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Tunnel Vision: Alien Eyes Sore Jubilation

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Tunnel Vision is a fortnightly series about VR gaming.

In space no-one can hear you no no no do not start an article about an Alien game that way, Meer. You’re better than that, dammit.

Straight to business instead: as mentioned in the last Tunnel Vision, it didn’t take long for folk to work out that a simple ini tweak would reinstate Alien Isolation’s missing Oculus Rift support. I say ‘missing’, but the reality is that it was only ever an experimental mode left in for internal and promotional mucking-about-with.
Disclaimer – a couple of friends of mine now work at The Creative Assembly, and for that reason I have not published my opinions of CA games for quite a while now. This post is purely to discuss Alien Isolation’s unofficial VR support, not the game itself, but please seek alternative coverage if you are concerned.

The Oculus Rift DK2 support works. There are surprisingly few issues that concern the game’s support for VR, though there are many concerning the limitations of the DK2 hardware. The Oculus and the game feel like a natural fit, and I really hope someone’s able to finesse the VR support a little more.

Hell, I’m just going to do a list for this. This is what worked best:

  • Leaning. Physically leaning to see what’s going on – and what might be approaching you – is a hell of a thing for a stealth game, and I’m almost more excited about this aspect of wearable gaming tech than I am the supergiant 3D image side of things. Alien Isolation is a game about hiding, and hiding almost always involves trying to surreptitiously peek out of that hiding place.
  • Just looking around the environment. I’m talking particularly about the earlier section of the games, before the beast makes itself known, where there’s a great deal of opportunity to simply soak up what’s around me. The initial ship is based heavily on the Alien’s Nostromo, and it’s a peculiar thrill – a sort of near-physical, sustained deja vu – to wander around something that is so familiar. It’s like someone made an Alien exhibition. Then you look out through the window into space and you’re not in Museum Kansas anymore, Toto.

  • Legs! Alien Isolation already did legs of course, but the act of moving my head downwards and seeing my own legs – albeit in a very different position to my actual legs, is thrilling. I kept on doing it. I do the same thing in Elite: Dangerous. I really hope the VR age means more legs in games. Legs as far as the artifically-manipulated eye can see.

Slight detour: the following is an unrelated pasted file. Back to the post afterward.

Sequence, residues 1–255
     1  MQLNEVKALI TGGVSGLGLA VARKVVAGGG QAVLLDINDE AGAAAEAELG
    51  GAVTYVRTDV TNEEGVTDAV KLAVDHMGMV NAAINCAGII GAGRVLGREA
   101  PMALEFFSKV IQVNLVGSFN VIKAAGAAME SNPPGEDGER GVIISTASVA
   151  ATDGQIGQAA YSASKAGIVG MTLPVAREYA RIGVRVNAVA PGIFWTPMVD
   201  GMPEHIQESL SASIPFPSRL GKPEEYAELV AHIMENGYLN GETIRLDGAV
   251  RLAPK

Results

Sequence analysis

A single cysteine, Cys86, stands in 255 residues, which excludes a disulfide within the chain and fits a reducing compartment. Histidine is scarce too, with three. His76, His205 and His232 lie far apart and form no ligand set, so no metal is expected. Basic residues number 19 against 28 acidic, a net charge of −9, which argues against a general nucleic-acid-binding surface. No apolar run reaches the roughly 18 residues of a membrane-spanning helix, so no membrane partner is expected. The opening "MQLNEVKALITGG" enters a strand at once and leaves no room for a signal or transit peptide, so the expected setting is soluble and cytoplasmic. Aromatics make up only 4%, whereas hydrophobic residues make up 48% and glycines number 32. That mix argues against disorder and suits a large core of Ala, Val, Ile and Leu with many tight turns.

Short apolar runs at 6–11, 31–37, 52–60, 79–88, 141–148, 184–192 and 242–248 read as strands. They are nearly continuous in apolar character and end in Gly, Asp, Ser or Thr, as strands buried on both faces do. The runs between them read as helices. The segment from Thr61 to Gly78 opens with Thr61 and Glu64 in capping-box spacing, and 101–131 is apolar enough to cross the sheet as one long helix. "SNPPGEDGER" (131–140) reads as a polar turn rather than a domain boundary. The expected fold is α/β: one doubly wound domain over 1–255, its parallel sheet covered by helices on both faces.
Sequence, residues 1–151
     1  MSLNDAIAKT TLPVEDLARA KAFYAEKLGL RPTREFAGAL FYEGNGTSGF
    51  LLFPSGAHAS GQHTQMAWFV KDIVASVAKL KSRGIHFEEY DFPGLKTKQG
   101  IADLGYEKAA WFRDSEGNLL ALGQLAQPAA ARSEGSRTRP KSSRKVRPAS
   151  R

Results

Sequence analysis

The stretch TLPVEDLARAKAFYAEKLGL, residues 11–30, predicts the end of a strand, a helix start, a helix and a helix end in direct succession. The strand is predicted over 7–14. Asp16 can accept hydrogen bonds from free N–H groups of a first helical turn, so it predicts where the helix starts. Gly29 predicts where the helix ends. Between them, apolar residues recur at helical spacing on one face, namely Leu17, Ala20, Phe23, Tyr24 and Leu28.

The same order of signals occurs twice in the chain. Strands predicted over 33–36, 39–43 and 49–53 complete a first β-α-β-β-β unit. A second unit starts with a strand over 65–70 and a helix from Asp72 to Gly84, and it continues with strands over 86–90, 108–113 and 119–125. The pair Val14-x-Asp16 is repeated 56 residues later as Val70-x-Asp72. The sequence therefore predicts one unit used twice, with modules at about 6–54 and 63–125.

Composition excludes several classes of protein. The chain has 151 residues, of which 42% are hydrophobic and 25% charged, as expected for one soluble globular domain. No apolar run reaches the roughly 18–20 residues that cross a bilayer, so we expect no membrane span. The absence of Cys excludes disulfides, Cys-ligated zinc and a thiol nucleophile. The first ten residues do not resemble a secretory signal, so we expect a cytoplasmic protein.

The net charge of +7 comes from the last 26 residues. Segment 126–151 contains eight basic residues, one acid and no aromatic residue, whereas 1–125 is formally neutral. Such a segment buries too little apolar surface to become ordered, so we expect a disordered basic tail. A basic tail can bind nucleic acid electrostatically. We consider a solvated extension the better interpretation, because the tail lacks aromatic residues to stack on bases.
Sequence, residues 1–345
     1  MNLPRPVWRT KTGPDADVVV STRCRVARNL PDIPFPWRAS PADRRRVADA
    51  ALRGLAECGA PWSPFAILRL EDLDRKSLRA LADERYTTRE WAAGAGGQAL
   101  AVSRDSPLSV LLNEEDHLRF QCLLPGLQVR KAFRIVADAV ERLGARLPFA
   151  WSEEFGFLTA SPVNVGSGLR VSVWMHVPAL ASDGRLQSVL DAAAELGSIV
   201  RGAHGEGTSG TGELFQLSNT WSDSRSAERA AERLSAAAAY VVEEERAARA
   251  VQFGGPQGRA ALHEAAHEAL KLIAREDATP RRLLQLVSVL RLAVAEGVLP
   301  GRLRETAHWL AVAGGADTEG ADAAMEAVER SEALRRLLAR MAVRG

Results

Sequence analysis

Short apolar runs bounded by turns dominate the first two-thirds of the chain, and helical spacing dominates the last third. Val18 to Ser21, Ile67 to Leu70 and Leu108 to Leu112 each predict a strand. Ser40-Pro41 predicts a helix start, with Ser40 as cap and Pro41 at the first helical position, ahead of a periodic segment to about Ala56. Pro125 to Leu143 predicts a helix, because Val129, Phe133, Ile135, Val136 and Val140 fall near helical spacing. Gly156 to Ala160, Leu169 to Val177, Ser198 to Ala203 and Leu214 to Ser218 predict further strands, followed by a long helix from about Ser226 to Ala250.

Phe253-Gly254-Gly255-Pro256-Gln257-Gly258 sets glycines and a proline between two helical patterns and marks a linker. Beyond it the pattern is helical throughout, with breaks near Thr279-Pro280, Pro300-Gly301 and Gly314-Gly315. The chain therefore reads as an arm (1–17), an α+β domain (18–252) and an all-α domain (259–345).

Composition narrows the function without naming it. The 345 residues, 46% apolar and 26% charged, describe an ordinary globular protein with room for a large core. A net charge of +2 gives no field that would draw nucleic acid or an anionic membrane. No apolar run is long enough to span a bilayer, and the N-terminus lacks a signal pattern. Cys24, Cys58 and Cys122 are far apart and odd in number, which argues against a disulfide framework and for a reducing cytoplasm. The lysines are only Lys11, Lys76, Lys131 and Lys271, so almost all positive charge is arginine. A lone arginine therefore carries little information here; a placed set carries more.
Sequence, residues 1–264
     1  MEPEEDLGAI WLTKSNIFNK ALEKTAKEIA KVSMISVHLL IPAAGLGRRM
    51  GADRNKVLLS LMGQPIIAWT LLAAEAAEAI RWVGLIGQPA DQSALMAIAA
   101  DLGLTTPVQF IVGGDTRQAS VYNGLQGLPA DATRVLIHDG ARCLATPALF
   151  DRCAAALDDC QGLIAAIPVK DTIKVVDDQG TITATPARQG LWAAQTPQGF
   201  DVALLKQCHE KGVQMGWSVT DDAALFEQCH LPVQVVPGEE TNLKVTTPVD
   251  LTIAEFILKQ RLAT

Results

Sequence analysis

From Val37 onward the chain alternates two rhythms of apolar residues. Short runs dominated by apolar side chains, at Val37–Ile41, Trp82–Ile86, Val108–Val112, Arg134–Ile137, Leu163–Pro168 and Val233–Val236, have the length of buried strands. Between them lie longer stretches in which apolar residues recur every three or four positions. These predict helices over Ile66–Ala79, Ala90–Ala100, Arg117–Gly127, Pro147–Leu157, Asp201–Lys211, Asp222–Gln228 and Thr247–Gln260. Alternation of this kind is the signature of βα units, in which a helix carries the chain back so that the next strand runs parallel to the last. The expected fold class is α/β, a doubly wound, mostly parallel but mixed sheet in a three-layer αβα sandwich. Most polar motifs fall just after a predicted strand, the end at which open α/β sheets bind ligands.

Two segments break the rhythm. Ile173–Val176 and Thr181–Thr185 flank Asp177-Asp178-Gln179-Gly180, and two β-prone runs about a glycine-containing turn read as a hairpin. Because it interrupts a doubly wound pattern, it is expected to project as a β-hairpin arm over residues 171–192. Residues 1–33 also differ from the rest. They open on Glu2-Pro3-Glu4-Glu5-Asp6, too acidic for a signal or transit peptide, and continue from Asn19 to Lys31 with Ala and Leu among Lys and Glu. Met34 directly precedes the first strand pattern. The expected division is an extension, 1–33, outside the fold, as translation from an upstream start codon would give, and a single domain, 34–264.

• Darkness. It’s darkness with depth now, and that encourages so much more worrying about what might be at the end of that poorly-lit corridor.
  • Face-munching. Yeah, it’s pretty horrific when it seems to loom at you from a 3D rather than 2D plane. There’s that sense of something massive springing towards you at speed, and then…

What didn’t really work:

  • The VR mod is incompatible with several of the graphics settings, so some of the prettiness – in terms of lighting, ambient occlusion and anisotropic filtering – is lost. You can turn it all back on, but it massively ramps up the shimmer and judder, and gave me a right old sore head. To be honest the DK2’s image quality handicaps to some degree mask this anyway, but it seems a shame.
  • There is shimmer and judder whatever, and I couldn’t play for more than 20 or 30 minutes without feeling pretty ropey.
  • You need to hack the FOV too for anything like a comfortable experience, but as A:I uses vertical rather than horizontal FOV there’s not far you can go in this regard until the screen looks really messed up.
  • Certain UI stuff – like the health metre and buttons on the computer terminals – either display incorrectly or require too much squinting to deal with on a longish-term basis.
  • I’ve started seeing the DK2’s ever-present screen door effect in my dreams. A higher resolution is needed.

However, it is playable, and not just on a ‘if you really, really force yourself’ basis. I reckon I could play the game through this way, if I took regular breaks/lie downs, and if it wasn’t for the fact that looking after a toddler when you’ve got eyestrain and motion sickness is about as much fun as a theme park on a hangover, I probably would do it. As it is, it’s a massive disappointment to go back to playing the game on a flat surface. It feels so damned wrong. There’s a hell of a lot of distance left for VR to cover, but I cannot wait for it to be the default way I play 3D-rendered PC games.

 

For the record, here’s what I did to get the Rift support working:

 

 

  1. Go to your Alien Isolation install folder, find the DATA folder, open ENGINE_SETTINGS.XML in Notepad or whatever, change/add this:
    <Setting name=”Stereo Mode”>
    <Quality name=”Rift” precedence=”4″/>
    </Setting>
  2. Set your Oculus DK to Extended mode.
  3. Pause the Oculus Service.
  4. Put your monitor, not the Rift, as your main screen.
  5. Load game.

 

Best played with a gamepad, both because it’s easier to find the right buttons and because you can hit Left Bumper + Right Bumper simulataneously to recentre the view at any point (it falls out of whack fairly often).

 

This is what I changed (again in the engine_settings file) to sort out the FOV. Again, you can go higher, but you’ll lose the character’s body.

 

<Setting name=”Field Of View”>
<Quality name=”70″ float=”43.0″ precedence=”1″/>
<Quality name=”75″ float=”47.0″ precedence=”2″/>
<Quality name=”80″ float=”51.0″ precedence=”3″/>
<Quality name=”85″ float=”55.0″ precedence=”4″/>
</Setting>

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Alec Meer

Senior Editor

Co-founder of RPS. Dungeon Keeper & X-COM 4 Life.

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